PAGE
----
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Pan-European Cups

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Fear of qualifying for the Europa League

Fear of qualifying for the Europa League is gripping Premier League clubs.  It's the one contest nobody wants to win.

Mauricio Pochettino at Spurs believes that the experiences of Manchester United and Liverpool in recent years prove it is more of a hindrance than a help.   'You have the opportunity to stay closer to the top four if you only have to focus on the Barclays Premier League and the cup,' he said.

The gap with the super elite gets wider

The gap between the super elite of European clubs and the next tier is getting wider.   Clubs like Atletico Madrid, Borussia Dortmund and Southampton have enjoyed success through good management and smart player acquisitions, but sustaining that success is difficult.

Champions league money boost

Premier League clubs are already desperate to secure one of the Champions League places, for the prestige as much as for the additional income.  For Liverpool it could make the difference between a season that is viewed as successful and one that is not.

The financial rewards are going to increase considerably next season.  Appearance money from the group stage is going to increase by 50 per cent.

Financial fair play boosts the super clubs

Policy analysts know that one of the many causes of governance failure is that policies can have unintended effects.   So it has proved with Uefa's Financial Fair Play (FFP) scheme.

It has boosted the super clubs that form Europe's elite which is why they did not oppose the measure.  It is now more difficult for a benefactor to boost a club just outside the top level like Manchester City or Paris Saint Germain.   They have been penalised under the FFP regulations for daring to break into the cartel.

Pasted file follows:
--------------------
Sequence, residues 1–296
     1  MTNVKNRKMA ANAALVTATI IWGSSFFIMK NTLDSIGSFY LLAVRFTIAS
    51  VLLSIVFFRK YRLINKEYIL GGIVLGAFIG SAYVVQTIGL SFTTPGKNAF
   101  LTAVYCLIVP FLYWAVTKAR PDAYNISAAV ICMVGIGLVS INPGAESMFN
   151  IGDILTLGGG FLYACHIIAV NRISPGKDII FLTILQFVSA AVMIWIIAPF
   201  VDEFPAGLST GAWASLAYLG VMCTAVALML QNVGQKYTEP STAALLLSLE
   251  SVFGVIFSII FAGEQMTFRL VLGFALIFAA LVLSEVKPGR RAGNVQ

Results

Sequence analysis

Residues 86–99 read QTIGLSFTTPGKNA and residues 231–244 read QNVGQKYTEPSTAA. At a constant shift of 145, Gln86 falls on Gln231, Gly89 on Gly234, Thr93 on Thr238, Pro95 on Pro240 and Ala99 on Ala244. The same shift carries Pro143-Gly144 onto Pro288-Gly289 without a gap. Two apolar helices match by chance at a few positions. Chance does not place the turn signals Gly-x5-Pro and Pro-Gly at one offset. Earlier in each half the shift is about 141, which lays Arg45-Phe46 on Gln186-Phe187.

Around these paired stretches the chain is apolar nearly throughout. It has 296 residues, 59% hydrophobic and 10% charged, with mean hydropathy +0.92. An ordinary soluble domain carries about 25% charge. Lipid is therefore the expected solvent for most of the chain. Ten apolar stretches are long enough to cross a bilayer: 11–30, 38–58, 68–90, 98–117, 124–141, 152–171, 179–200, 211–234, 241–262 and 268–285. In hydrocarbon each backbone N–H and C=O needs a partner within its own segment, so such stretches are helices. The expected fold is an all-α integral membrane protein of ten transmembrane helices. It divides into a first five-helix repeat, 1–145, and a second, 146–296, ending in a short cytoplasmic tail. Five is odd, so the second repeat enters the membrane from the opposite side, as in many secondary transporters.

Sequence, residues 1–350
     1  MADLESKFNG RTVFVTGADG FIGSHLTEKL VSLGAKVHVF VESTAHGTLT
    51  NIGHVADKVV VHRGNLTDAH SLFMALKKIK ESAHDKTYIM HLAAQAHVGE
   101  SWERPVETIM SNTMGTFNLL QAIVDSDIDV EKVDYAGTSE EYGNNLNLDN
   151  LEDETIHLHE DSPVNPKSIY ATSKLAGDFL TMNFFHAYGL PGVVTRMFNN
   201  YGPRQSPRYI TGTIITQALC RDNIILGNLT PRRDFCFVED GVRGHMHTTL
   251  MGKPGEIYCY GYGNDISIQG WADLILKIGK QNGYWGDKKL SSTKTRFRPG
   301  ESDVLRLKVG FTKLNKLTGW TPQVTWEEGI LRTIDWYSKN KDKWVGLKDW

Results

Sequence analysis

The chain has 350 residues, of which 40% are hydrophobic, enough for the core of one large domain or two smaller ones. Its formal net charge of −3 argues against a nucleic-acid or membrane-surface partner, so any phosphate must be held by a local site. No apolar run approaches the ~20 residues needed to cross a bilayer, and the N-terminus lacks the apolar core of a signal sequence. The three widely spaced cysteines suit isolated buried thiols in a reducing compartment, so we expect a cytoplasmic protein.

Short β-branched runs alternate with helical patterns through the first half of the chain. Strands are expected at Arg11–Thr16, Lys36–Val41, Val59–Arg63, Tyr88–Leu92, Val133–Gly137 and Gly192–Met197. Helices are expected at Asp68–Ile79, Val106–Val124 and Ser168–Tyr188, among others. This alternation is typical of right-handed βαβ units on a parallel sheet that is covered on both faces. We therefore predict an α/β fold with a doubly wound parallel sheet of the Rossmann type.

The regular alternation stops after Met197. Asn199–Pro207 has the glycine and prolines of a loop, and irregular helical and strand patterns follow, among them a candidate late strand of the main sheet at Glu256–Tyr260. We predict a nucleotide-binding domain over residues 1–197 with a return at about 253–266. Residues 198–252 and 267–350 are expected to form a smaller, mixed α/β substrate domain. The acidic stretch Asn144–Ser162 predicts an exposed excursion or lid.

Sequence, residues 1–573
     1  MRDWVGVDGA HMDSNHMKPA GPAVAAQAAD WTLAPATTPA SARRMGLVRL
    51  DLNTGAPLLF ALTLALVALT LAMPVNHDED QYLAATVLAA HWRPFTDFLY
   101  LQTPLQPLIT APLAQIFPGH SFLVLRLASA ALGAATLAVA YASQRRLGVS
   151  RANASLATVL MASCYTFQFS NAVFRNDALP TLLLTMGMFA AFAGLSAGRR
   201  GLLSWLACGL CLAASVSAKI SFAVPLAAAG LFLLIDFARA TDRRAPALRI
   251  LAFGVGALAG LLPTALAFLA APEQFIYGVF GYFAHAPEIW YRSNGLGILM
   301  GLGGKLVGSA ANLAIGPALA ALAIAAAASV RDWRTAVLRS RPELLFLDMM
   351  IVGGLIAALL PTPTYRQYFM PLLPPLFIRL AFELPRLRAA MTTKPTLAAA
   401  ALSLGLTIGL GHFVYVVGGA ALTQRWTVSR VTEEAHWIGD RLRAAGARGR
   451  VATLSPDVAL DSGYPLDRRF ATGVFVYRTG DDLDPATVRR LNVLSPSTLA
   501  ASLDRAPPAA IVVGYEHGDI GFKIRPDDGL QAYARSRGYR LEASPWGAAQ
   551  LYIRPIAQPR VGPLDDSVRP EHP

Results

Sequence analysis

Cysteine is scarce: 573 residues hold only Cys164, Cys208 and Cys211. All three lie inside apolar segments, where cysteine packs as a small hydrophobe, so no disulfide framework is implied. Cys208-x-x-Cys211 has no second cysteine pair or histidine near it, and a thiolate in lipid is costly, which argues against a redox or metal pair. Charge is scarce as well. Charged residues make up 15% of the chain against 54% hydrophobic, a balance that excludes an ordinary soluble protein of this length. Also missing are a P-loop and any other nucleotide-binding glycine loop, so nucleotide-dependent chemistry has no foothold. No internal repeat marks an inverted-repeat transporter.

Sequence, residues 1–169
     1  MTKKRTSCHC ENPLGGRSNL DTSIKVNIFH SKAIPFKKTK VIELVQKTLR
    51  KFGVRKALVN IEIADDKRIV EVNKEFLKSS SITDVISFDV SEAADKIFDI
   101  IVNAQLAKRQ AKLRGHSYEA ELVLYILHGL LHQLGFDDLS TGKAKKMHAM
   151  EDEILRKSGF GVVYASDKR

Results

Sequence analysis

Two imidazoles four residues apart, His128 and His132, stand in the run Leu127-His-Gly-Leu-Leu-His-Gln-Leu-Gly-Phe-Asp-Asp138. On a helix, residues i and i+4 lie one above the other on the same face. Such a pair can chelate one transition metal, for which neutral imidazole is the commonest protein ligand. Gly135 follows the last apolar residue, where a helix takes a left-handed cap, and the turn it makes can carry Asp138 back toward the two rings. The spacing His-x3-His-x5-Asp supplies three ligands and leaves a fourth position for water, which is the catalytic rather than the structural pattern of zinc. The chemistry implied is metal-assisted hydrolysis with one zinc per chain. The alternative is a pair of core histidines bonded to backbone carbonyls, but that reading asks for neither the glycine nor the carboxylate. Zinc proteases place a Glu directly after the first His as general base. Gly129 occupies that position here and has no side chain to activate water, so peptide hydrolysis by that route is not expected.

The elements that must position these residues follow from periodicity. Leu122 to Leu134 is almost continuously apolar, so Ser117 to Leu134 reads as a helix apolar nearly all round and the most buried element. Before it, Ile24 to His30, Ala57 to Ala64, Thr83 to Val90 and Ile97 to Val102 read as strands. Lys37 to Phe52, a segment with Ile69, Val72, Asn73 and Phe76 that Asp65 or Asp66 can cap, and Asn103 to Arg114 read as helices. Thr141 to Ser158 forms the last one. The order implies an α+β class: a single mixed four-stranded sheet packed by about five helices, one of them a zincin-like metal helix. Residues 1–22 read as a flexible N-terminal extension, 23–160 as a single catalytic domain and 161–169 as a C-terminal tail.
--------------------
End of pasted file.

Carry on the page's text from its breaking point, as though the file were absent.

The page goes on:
Could the Premier League lose a Champions League spot?

Winning a place in the Champions League is the real prize in the Premier League these days.  With Chelsea seemingly champions-elect, all the focus is on which teams will be able to qualify.  

The Europa League is not a consolation prize, but more of a punishment.   It involves a gruelling season of long trips to little known teams in obscure countries.   It has probably held Everton back this season. Southampton fans I know are dreading a trip to Kazakhstan.

What the Premiership is all about

The exit of Chelsea from the Champions League, and the poor prospects of Arsenal and Manchester City, provides another peg on which critics of the Premier League can hang one of their eloquent denunciations.  West Ham's income is poised to pass that of Inter Milan, but still Premier League teams under perform on the European stage.

David Conn and writers like him have a case to make, but sometimes I think they miss the point of the Premier League.   It is as much about creating a televised entertainment spectacle for global consumption as it is about football.

Uefa urged not to penalise wealthy benefactors

Uefa have been urged by Manchester City not to penalise wealthy benefactors under their financial fair play (FFP) rules.   The meeting with Uefa president Michel Platini was also attended by Paris Saint Germain who, along with City, have received the heaviest penalties so far under the FFP rules.

Liverpool may face FFP sanctions

Liverpool may pay a penalty for their return to the Champions League in the form of financial fair play sanctions.   They are expecting £7m in prize money next month, but the payment would be withheld if they are referred to Uefa's Club Financial Control Body.  

Clubs get over €1bn from European club competitions

Clubs taking part in the Champions League and Europa League in 2013-14 received €1.1bn from Uefa with 86 per cent of the money going to clubs taking part in the Champions League.

Performance bonuses were paid for every win or draw in the group stage (€1m per win and €0.5m per draw) and each knockout round reached, while funds from the market pool were divided according to the proportional value of the national television market.

Atlético not a model club

Atlético Madrid may look like Davids compared to the Goliaths of Real Madrid, but they have a complex financial history.   Uefa may well see them as far from being a model club given a record of financial recklessness and the regular use of third party signings, something Uefa would like to see stopped.

Their financial model is so complex that Singapore billionaire Peter Lim, who wanted to buy a club n Spain, took one look at Atlético and walked away.   Last week he bought Valencia.